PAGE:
Anthem Ranch volunteers who churned out more than 3,600 masks are returning to their sewing machines to outfit Broomfield students heading to school in the fall.
Keri Dillingham, executive director of the Broomfield Council on the Arts and Humanities, said the nonprofit has a longstanding relationship with the Anthem volunteer group. They talked to group leader Chris Roarty about offering masks for children and teens
BCAH has had to cancel events, including its major fundraiser, because of COVID-19. Because art-based nonprofits are not considered essential, she said, BCAH did not have access to funding otherwise given toward groups affected by the novel coronavirus.
“A lot of us haven’t had access to disaster relief funding,” she said. “We thought this was a fantastic way BCAH could help the community.”
The group is asking for a donation of $2 per mask or three masks for $5.
People can order the masks by emailing email@example.com. There is a button on the homepage of artsinbroomfield.org where people can submit a donation. A mask community pick-up has been scheduled for 10 to noon and 3 to 5 p.m. Aug. 21 in the parking lot of the Brunner Farmhouse, near East Midway Boulevard and Main Street. People can drive by and receive the masks they ordered.
Since the school year for most is starting remotely, BCAH will hold a second pickup date in late September if there are still masks available.
BCAH had to cancel it’s “Luck of the Irish” St. Patrick’s Day event the day before, Dillingham said. The organization typically hosts it’s annual gala, the largest fundraiser of the year, in February but this year decided to postpone to April or May. Ultimately the event was canceled because of COVID. Last year BCAH also participated in Dancing with the Broomfield Stars and kept a portion of money raised, but that event is also canceled this year. The nonprofit also got “substantially less” funding from Scientific and Cultural Facilities District than what she had applied for, which is also a concern.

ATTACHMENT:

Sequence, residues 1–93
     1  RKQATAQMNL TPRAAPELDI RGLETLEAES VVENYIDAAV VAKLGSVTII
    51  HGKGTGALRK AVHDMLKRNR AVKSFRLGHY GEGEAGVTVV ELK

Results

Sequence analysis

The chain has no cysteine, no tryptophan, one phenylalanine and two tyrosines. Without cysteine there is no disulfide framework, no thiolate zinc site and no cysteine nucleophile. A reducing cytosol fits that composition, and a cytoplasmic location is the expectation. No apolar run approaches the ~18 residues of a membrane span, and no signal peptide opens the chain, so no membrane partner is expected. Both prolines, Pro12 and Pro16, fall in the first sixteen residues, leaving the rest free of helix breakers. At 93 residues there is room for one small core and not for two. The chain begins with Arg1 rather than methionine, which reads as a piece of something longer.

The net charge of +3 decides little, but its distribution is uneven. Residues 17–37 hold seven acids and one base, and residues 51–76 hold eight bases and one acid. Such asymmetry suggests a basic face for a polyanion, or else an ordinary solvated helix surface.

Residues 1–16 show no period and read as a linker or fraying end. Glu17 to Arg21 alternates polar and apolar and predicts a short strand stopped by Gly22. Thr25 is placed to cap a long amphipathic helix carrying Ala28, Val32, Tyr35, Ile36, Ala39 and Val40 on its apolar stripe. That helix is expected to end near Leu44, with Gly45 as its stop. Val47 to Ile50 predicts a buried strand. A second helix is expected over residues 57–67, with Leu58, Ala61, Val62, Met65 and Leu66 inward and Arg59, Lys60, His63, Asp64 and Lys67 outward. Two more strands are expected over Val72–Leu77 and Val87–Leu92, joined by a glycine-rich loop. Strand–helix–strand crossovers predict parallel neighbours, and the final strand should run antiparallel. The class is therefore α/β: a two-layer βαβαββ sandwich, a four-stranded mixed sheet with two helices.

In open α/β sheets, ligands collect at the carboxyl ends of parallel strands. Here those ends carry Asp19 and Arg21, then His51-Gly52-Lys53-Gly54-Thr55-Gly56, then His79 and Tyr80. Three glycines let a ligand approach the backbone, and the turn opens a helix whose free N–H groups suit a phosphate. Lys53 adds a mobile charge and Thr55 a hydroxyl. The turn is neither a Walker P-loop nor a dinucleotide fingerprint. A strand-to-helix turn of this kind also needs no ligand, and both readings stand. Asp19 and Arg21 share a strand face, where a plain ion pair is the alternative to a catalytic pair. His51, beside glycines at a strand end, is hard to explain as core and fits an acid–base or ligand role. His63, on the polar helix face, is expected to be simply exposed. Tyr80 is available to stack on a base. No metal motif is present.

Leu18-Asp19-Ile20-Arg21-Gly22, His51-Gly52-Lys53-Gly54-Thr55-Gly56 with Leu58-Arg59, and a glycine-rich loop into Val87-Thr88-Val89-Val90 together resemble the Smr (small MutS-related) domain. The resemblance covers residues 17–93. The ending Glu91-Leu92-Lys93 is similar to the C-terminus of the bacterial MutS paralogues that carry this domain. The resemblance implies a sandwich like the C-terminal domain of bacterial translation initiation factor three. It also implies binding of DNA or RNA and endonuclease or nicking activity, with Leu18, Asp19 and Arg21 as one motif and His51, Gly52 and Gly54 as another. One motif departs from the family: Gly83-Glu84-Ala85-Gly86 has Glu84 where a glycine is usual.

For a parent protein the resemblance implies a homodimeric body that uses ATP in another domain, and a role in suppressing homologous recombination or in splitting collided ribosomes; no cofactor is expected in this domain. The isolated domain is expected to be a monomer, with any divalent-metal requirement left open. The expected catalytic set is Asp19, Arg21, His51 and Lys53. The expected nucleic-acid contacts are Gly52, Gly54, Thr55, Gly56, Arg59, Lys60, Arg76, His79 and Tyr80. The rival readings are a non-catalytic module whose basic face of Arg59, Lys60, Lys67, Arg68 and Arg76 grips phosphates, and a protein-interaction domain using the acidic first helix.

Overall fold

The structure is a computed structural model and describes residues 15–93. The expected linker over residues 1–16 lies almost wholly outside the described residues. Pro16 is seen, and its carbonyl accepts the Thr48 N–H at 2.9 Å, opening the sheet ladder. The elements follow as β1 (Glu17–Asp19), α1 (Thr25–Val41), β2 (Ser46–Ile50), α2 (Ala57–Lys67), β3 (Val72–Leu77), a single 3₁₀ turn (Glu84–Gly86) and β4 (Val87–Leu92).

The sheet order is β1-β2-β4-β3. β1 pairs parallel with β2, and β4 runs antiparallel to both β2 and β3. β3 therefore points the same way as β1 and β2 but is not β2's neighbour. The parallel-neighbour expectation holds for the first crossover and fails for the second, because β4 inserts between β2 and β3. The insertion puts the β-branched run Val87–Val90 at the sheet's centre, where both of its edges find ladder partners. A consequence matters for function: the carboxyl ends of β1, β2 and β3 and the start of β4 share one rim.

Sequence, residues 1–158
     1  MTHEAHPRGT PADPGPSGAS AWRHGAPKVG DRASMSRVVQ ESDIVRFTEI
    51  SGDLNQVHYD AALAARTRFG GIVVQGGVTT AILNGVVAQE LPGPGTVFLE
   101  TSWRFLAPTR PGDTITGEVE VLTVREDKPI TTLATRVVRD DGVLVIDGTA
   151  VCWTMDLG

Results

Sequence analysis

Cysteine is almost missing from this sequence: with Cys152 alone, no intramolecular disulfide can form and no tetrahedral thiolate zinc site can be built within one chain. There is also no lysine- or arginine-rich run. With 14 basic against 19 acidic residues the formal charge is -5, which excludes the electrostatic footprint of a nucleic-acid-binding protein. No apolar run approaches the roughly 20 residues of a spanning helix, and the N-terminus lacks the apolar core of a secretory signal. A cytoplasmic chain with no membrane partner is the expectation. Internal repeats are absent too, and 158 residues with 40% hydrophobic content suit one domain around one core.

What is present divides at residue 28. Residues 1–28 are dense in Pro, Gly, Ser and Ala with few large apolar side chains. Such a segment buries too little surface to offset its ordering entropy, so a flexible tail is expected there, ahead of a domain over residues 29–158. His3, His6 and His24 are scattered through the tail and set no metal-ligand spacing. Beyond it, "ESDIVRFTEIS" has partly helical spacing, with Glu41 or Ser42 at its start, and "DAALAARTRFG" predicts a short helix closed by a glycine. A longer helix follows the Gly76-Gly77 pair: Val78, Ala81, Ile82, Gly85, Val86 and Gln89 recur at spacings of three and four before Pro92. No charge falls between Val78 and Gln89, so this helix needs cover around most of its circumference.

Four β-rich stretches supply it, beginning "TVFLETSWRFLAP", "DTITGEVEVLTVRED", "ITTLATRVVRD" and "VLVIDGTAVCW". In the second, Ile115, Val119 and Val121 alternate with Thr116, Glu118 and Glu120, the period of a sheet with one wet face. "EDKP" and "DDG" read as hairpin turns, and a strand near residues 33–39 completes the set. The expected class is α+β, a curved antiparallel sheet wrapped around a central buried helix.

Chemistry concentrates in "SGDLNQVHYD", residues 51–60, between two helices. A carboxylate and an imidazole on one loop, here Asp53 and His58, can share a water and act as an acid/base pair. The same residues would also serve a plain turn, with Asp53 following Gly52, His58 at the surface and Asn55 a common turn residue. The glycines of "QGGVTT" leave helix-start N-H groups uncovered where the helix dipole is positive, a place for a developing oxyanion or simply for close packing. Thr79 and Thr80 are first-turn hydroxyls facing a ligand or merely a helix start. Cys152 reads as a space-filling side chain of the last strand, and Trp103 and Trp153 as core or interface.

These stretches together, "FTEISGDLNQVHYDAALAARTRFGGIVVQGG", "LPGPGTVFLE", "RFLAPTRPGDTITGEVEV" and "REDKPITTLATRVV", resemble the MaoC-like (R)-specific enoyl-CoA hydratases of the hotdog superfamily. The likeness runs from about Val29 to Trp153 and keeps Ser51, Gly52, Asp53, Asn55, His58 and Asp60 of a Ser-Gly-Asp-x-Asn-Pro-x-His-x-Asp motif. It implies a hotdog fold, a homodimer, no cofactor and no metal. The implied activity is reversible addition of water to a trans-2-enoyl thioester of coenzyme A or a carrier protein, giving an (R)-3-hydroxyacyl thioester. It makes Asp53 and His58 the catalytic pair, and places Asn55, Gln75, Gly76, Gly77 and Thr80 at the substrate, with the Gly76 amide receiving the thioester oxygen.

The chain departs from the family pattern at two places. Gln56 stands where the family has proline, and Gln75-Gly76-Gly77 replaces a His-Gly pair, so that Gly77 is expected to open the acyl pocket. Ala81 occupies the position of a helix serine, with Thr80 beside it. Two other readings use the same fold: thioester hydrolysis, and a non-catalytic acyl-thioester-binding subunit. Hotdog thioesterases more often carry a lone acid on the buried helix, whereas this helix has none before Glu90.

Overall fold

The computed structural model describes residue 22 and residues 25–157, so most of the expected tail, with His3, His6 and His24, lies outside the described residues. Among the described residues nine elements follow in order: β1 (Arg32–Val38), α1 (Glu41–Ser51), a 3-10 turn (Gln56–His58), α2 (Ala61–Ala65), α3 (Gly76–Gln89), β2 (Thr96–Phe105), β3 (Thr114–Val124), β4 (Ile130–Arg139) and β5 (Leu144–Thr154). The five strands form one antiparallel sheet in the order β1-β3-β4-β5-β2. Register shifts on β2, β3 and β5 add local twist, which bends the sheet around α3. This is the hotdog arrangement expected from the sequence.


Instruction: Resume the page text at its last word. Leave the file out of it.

“Another big one is holiday photos with Santa,” Dillingham said. “Because of social distancing, we’re not sure if we’re going to be able to hold that.”
Roarty said the ultimate goal was providing affordable masks to students. After covering some of the cost of materials, the proceeds will go to BCAH. For the past three years, members have volunteered for the nonprofit at events, but since COVID-19 hit, have been doing what they can from the safety of their homes since most volunteers are in the vulnerable age demographic.
Previous masks have gone to hospitals, child care facilities, Navajo communities, memory care and others in the community, Roarty said. They were also made available on Nextdoor where there was no charge, but people were asked to make a donation to Broomfield FISH for the nonprofit’s Neighbors Helping Neighbors fundraiser.
After that effort, the original group of about 20 sewers took a break until Dillingham contacted her about the student masks. Roarty said this time, a group of 18 women plan to donate more than 1,200 masks, which will come in three sizes.
Some have been made, but others were still being sewn this week.
The masks are double layer, 100% cotton with elastic around the ears.
August Summer Saturdays
The last Summer Saturday Drive-thru event, presented by BCAH, will be held from 6 to 8 p.m. Aug. 15.
The event is free and open to the first 500 cars. Vehicles can enter on Main Street, drive along Community Park Road and exit on Spader Way.
The event will include art, music and live performances people can enjoy from their vehicle as they drive in front of the Mamie Doud Eisenhower Public Library and Broomfield Auditorium.
Live music will be provided by a flute trio from the Broomfield Symphony Orchestra and Taiko by Toni drumming group. There will also be choreographed dance routines by Dance Arts Studio, a performance by a Boulder Ballet dancer and a traditional East Indian dance by a group from the Colorado Fine Art Association Art. The event will feature 2D and 3D art with pieces by local artists, such as Sally Bullers, the COVIDodo bird sculpture, by Camie Rigirozzi, and a Japanese artifact display, with items including kimonos, kites, and masks, courtesy of Junko Goodwin of the Sister Cities. Sisters Cities is a student exchange program between local students and students of Ueda, Japan.
“More musicians and musical groups, performance groups, and art are being added each day, so sign up your car today and experience the last of these local, creative drive-thru’s before the summer series is complete,” Dillingham said.
This event is made possible with the assistance of: the Broomfield library and auditorium, Holly Clifford of the Broomfield Symphony Orchestra, Anthem Ranch Volunteer Club, BCAH’s Youth Advisory Board, SCFD, Broomfield Community Foundation, Century Chevrolet, Broomfield Police Department and many volunteers.